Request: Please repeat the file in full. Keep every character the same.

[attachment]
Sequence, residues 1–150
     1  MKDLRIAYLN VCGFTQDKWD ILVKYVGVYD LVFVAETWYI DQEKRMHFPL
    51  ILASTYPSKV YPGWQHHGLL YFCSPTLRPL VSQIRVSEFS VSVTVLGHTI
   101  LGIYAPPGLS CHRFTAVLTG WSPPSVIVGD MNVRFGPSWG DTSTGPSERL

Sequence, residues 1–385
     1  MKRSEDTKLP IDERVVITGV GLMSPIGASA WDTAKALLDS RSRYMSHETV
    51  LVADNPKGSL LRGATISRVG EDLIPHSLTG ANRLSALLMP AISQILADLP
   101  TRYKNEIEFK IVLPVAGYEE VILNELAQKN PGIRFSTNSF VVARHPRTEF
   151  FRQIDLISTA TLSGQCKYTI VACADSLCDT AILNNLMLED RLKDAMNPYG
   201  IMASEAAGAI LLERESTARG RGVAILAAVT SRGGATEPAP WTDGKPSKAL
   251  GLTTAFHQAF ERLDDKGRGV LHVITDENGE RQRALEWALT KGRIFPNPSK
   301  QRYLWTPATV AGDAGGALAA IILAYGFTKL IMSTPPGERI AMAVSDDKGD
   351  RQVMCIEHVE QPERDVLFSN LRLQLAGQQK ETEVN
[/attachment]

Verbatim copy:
Sequence, residues 1–150
     1  MKDLRIAYLN VCGFTQDKWD ILVKYVGVYD LVFVAETWYI DQEKRMHFPL
    51  ILASTYPSKV YPGWQHHGLL YFCSPTLRPL VSQIRVSEFS VSVTVLGHTI
   101  LGIYAPPGLS CHRFTAVLTG WSPPSVIVGD MNVRFGPSWG DTSTGPSERL

Sequence, residues 1–385
     1  MKRSEDTKLP IDERVVITGV GLMSPIGASA WDTAKALLDS RSRYMSHETV
    51  LVADNPKGSL LRGATISRVG EDLIPHSLTG ANRLSALLMP AISQILADLP
   101  TRYKNEIEFK IVLPVAGYEE VILNELAQKN PGIRFSTNSF VVARHPRTEF
   151  FRQIDLISTA TLSGQCKYTI VACADSLCDT AILNNLMLED RLKDAMNPYG
   201  IMASEAAGAI LLERESTARG RGVAILAAVT SRGGATEPAP WTDGKPSKAL
   251  GLTTAFHQAF ERLDDKGRGV LHVITDENGE RQRALEWALT KGRIFPNPSK
   301  QRYLWTPATV AGDAGGALAA IILAYGFTKL IMSTPPGERI AMAVSDDKGD
   351  RQVMCIEHVE QPERDVLFSN LRLQLAGQQK ETEVN